Home to a pier that is the most visited tourist attraction outside London and once dubbed ‘The Queen of Watering Places’, Brighton is also famous for its long pebble beach, which can pick up big waves and attract surfers and windsurfers.
The booming art scene in Brighton adds to a vibrant community supporting a wide range of shops, restaurants, and cafes plus the boutiques and curio shops of ‘The Lanes’, yet the peace and scenic walks of the South Downs are not far away.
Brighton is also host to music events, the famous Brighton Pride gay festival, and the city’s full and half marathons. Other major attractions include Sea Life Brighton – the world’s oldest operating aquarium – the British Airways i360 162m observation tower on the long seafront, and the historic Brighton Pavilion.
Durdle Door, Dorset
This ‘Jurassic Coast’ limestone arch landmark stands over pebbled beaches and crystal clear waters and can be part of scenic clifftop walks to popular neighbouring areas and potential holiday bases, such as secluded Lulworth Cove, Swanage, Lyme Regis, West Bay, and beyond via the South West Coast Path.
This path accesses yet more beaches, stunning countryside and other Jurassic Coast landmarks – ideal for walking, exploring, water sports, sunbathing, or swimming.
The Jurassic Coast was England’s first natural UNESCO World Heritage Site, a dramatic 95-mile stretch of coastline with secret beaches, crumbling limestone cliffs and prehistoric remains.
A brooding clifftop castle puts this small Northumberland village – the ‘Bebbanburg’ of the popular Last Kingdom TV series and books – on the map.
It is flanked by golden sandy beaches, the most popular being to the north and backed by high dunes and with rock pools to attract young sealife explorers.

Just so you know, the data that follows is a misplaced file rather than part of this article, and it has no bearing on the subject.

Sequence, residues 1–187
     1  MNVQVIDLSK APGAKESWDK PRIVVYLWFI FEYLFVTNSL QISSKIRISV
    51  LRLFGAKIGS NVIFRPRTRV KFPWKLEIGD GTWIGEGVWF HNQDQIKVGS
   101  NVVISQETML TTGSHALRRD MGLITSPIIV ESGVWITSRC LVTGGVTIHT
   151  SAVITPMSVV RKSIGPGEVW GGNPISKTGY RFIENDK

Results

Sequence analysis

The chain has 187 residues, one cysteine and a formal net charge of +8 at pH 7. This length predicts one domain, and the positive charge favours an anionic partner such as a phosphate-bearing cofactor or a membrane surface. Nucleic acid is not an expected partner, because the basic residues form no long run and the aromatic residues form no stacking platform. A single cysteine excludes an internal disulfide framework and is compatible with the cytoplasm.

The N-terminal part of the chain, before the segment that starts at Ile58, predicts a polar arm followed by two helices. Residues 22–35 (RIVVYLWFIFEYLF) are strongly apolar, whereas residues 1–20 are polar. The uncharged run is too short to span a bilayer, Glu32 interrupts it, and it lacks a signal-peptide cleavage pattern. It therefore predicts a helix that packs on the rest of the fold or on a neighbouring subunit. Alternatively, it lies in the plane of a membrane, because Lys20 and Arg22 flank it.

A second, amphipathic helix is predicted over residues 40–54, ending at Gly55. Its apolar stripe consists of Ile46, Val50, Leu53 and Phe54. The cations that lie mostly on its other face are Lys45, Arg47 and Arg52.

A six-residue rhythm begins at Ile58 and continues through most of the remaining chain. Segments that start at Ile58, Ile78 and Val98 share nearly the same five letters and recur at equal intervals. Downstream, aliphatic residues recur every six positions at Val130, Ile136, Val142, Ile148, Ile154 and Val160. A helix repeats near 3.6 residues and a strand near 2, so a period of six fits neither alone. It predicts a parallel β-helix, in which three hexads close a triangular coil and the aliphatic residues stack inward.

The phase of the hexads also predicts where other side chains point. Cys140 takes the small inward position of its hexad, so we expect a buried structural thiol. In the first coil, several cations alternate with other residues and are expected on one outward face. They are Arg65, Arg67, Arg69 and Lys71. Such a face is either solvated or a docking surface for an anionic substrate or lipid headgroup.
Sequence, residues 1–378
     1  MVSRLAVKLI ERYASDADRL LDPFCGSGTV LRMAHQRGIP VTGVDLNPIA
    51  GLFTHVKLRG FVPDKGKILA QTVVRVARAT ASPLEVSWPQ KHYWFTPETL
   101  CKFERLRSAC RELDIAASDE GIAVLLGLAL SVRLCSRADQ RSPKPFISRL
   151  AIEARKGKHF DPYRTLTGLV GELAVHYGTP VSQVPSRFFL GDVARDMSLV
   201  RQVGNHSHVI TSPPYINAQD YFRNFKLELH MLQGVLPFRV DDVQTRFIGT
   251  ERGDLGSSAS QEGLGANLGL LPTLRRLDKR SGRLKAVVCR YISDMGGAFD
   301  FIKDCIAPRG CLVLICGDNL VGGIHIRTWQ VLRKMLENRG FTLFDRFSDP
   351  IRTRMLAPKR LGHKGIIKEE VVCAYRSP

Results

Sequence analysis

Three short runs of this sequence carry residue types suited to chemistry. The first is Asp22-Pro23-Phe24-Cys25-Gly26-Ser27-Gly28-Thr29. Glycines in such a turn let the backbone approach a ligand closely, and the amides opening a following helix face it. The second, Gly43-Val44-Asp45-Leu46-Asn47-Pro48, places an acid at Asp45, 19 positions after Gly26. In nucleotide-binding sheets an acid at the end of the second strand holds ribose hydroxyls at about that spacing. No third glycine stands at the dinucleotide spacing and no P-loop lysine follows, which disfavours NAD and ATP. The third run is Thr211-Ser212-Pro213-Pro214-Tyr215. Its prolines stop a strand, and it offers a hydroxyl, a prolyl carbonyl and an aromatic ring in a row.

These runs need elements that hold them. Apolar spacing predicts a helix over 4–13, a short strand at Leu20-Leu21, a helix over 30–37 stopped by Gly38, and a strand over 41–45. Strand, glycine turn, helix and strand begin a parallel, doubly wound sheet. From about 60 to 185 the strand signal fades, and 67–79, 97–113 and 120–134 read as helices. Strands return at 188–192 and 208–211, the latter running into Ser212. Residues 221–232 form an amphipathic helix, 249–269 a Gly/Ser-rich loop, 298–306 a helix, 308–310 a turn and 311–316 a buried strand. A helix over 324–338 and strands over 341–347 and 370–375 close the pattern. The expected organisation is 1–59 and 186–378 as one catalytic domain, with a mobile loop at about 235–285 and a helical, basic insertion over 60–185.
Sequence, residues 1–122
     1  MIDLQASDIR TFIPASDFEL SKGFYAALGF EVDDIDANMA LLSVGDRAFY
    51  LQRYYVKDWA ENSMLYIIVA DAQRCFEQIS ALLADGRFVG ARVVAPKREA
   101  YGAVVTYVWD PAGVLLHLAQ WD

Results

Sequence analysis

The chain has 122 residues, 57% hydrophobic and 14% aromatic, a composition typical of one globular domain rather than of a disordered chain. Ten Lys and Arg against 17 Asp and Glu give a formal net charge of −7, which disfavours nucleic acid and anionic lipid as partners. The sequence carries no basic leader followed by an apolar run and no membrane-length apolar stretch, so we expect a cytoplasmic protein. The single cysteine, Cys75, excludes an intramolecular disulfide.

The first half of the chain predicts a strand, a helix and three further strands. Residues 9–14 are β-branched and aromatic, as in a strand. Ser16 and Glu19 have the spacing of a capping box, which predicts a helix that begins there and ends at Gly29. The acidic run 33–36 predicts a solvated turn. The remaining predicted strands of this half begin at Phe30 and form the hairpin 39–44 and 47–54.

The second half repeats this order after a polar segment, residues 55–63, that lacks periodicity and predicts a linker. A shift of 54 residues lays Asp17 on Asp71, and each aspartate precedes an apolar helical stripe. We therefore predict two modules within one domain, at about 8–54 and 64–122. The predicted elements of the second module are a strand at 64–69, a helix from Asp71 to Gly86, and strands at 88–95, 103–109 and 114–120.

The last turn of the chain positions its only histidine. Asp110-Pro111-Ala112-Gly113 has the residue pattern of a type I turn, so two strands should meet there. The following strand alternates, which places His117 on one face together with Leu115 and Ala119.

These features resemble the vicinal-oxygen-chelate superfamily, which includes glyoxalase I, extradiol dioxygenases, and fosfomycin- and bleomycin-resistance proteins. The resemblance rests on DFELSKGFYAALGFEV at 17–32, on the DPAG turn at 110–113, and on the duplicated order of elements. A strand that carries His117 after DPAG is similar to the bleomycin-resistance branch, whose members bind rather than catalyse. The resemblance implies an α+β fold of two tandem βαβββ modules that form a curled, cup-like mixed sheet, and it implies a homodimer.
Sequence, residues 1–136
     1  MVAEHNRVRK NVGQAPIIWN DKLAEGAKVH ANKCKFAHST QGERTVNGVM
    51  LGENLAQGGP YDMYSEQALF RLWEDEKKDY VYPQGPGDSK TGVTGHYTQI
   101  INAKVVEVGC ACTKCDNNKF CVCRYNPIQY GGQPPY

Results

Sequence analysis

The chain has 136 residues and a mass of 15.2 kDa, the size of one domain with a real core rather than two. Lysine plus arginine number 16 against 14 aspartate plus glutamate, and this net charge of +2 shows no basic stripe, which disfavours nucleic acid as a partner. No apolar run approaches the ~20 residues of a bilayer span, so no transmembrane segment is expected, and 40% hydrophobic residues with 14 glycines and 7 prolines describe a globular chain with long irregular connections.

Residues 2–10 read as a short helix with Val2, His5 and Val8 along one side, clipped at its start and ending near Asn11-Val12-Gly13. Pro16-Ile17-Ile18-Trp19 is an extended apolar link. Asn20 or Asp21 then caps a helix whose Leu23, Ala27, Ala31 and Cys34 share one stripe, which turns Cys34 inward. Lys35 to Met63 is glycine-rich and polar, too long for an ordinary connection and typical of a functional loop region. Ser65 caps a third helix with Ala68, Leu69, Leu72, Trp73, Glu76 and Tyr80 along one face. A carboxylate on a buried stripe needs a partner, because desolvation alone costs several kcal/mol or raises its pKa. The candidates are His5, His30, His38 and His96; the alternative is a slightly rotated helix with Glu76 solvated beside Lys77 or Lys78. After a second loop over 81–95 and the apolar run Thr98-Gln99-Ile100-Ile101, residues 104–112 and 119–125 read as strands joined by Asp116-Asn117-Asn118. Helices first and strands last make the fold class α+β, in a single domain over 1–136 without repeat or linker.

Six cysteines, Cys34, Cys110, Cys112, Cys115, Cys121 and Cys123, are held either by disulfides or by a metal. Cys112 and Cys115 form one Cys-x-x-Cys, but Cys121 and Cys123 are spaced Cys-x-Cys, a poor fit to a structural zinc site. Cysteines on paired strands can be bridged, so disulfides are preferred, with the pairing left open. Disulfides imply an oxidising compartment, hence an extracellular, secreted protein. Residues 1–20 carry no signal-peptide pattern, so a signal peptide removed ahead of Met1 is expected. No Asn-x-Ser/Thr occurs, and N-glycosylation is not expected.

Though small, the village offers a good choice of fine dining and ‘English tearooms’ such as the acclaimed Copper Kettle Tearoom.
There is also accommodation to suit all pockets: hotels, a camping and caravan park, Air B’n’Bs, and self-catering.
Designed and built from 1925-75 by architect Sir Clough Williams-Ellis in the style of an Italian village, Portmeirion is an enchanting mix of pastel-coloured houses, cobbled streets and lush manicured gardens overlooking a small estuary, while the mountains of Wales rise mightily above the rooftops.
Nature lovers can explore 70 acres of exotic woodlands with 19 miles of pathways through forests, secret spaces and coastal coves. The subtropical forest, The Gwyllt (Wildwood in Welsh), features some of Britain’s largest trees, plus secret gardens, a derelict castle and rare flowers.
There are also 16 miles of coastal paths accessing the white sandy beaches of the Dwyryd Estuary and its hidden caves, gullies and exotic plants, an Oriental Garden, and ‘secret’ sites such as the Dog Cemetery, Tangle Wood, Ghost Garden and Shelter Valley.
Portmeirion has also been a location for films and TV shows, famously as “The Village” in the 1960s television show ‘The Prisoner’ – many of the show’s fans make regular pilgrimages.
Dubbed ‘The Jewel of the Moray Firth’, Lossiemouth is a golf-oriented resort on the Scottish northeast coast, blessed with two sandy beaches, dunes and beautiful countryside.
The beach east of the harbour is white sand and dunes, offering great walks, while that to the west includes Covesea Lighthouse, with great views of Moray Firth, and the neighbouring RAF base.
Apart from enjoying the abundant wildlife visitors can also surf and sail, or take a dolphin-spotting boat ride or fishing trip. The attractive harbour’s Fisheries Museum includes a re-creation of the study of local-lad-made-good James Ramsey MacDonald, Britain’s first Labour Prime Minister.
Cromer is ideal for families hunting a more traditional seaside holiday, thanks to sandy beaches, museums, surfing, many other attractions and scenery along the Norfolk Coast Path.
The Victorian-style pier is home to a lifeboat station with a proud history, largely due to Henry Blogg – much decorated and perhaps the RNLI’s greatest lifeboatman.
The pier’s Pavilion Theatre is famous for staging, twice yearly, the UK’s only remaining traditional ‘end of the pier’ variety show.
Families enjoy crabbing, surfing and paddleboarding off the beach and swimmers close to shore can explore the 20-mile Cromer Shoal Chalk Bed – remains from the Mesozoic Era, when dinosaurs roamed.
Cromer is famous for its crab, offered in many of the pubs, cafes and restaurants in the streets and alleys of this bustling town, which also celebrates its maritime heritage with the annual Cromer Carnival and Crab & Lobster Festival.
Words: Steve Philp